The researchers also consider the literature on ‘differential privacy’, a formal definition of privacy and framework for anonymization mechanisms with mathematical privacy guarantees—an approach that has many points in common with cryptography. The team finds that whilst differential privacy is an important framework to address privacy risks, it is not a magic bullet that can fix every anonymization problem.

Dr Rocher adds, “Differential privacy has attracted most efforts from privacy researchers since it was proposed in 2006, and it is seen by many as the most promising solution for robust anonymization. The pledge of differential privacy—i.e. context-independent provable guarantees of anonymity that hold against present and future attacks—is an attractive one for researchers, policymakers, and practitioners alike. However, its adoption in practice has been more challenging than expected”.

The researchers also find that aggregate data—in its various forms, including machine learning models, data query systems and synthetic data—can offer a better trade-off between privacy and utility, but doesn’t inherently protect against potential privacy attacks and privacy breaches. Instead, they argue that formal methods combined with assessing privacy safeguards and consideration of the context of how the data is being used is the best approach to balancing data risks.

Dr de Montjoye, Associate Professor, Imperial College London, explains, “In our analysis of current data anonymization techniques, we show that the best approach to successfully balance privacy and utility in practice is to carefully combine formal methods and an empirical evaluation of robustness against malicious attacks, taking into account the context where data is used or shared.”

Looking ahead, the team is confident that their latest review of anonymization practices will help shape and influence future thinking in this evolving field.

Dr Gadotti concludes, “We hope that the review will provide a useful reference for policy-makers, regulators, and practitioners who work in the field of privacy and data protection.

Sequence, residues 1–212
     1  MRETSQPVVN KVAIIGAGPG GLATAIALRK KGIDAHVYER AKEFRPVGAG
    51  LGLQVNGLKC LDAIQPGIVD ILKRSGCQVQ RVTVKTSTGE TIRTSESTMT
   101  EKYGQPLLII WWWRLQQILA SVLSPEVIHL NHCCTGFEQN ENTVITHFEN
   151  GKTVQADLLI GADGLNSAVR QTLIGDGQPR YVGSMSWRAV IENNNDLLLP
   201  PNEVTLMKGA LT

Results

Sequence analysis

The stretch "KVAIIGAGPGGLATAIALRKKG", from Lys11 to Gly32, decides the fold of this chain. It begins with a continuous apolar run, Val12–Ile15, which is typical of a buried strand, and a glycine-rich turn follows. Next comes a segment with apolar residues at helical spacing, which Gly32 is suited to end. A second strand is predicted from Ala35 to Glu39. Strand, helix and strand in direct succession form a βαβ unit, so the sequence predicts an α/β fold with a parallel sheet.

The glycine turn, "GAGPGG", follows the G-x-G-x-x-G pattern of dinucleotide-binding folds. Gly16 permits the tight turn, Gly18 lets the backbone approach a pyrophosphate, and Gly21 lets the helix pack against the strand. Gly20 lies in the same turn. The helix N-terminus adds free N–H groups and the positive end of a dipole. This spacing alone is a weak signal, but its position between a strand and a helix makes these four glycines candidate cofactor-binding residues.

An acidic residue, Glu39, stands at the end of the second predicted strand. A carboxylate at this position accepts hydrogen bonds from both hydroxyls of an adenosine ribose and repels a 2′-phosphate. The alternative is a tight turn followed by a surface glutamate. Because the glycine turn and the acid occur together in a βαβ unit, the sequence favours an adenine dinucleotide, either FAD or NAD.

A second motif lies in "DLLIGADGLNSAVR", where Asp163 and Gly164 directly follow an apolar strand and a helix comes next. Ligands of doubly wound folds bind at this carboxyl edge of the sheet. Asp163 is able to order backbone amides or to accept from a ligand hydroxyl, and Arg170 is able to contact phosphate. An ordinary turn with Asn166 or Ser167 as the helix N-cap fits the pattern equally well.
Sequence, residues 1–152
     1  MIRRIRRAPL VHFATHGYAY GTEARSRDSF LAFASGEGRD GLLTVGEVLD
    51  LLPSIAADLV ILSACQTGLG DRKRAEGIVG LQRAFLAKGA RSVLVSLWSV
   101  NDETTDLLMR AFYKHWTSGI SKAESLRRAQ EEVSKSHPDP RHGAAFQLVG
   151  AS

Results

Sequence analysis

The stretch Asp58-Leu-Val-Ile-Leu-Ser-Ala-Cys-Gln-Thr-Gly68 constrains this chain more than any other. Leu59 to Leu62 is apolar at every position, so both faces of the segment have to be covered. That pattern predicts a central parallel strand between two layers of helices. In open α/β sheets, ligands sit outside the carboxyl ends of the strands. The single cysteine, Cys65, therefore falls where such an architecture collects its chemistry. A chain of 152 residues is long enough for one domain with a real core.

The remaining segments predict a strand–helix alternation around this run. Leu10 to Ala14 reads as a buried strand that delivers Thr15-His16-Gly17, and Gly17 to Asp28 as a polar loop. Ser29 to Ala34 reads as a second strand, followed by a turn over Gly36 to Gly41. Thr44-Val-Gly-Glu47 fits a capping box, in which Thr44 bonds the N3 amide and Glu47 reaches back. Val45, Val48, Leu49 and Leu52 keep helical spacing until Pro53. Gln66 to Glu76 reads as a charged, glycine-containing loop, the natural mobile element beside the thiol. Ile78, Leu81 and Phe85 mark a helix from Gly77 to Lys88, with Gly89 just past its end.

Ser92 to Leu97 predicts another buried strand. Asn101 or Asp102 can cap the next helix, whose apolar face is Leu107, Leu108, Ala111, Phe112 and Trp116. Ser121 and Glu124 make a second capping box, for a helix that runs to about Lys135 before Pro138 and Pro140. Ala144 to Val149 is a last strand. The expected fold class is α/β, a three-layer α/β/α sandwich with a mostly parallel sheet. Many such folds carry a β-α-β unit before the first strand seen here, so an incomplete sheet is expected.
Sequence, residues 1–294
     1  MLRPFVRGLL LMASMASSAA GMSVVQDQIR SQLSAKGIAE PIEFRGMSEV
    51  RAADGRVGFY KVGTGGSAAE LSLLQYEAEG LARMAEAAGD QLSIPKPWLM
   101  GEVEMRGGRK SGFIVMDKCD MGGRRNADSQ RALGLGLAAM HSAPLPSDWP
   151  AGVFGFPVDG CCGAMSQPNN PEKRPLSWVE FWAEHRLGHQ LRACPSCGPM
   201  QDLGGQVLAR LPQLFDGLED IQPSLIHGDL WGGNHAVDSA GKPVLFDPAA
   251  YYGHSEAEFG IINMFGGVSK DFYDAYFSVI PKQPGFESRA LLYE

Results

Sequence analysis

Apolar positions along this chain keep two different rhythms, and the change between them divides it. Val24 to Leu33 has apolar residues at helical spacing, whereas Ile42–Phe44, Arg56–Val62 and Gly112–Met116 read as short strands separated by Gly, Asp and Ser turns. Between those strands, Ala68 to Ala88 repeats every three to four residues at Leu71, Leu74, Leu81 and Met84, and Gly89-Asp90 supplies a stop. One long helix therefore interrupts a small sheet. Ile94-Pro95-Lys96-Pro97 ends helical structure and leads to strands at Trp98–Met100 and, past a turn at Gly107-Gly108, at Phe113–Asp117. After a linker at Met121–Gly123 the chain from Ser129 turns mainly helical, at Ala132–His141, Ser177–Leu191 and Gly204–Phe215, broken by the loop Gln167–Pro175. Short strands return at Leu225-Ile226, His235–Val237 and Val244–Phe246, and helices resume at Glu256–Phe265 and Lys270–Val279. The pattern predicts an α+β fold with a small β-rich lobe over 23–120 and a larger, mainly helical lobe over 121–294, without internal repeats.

Notes for editors:

Media information

Media information: For more information or to request an interview with the authors call +44 (0)1865 287 210 or contact

About the article

The full article, ‘Anonymization: The imperfect science of using data while preserving privacy’ by Andrea Gadotti, Luc Rocher, Florimond Houssiau, Ana-Maria Creţu, Yves-Alexandre de Montjoye is published in the journal Science Advances.

About the OII

The Oxford Internet Institute (OII) is a multidisciplinary research and teaching department of the University of Oxford, dedicated to the social science of the Internet. Drawing from many different disciplines, the OII works to understand how individual and collective behaviour online shapes our social, economic and political world. Since its founding in 2001, research from the OII has had a significant impact on policy debate, formulation and implementation around the globe, as well as a secondary impact on people’s wellbeing, safety and understanding. Drawing on many different disciplines, the OII takes a combined approach to tackling society’s big questions, with the aim of positively shaping the development of the digital world for the public good.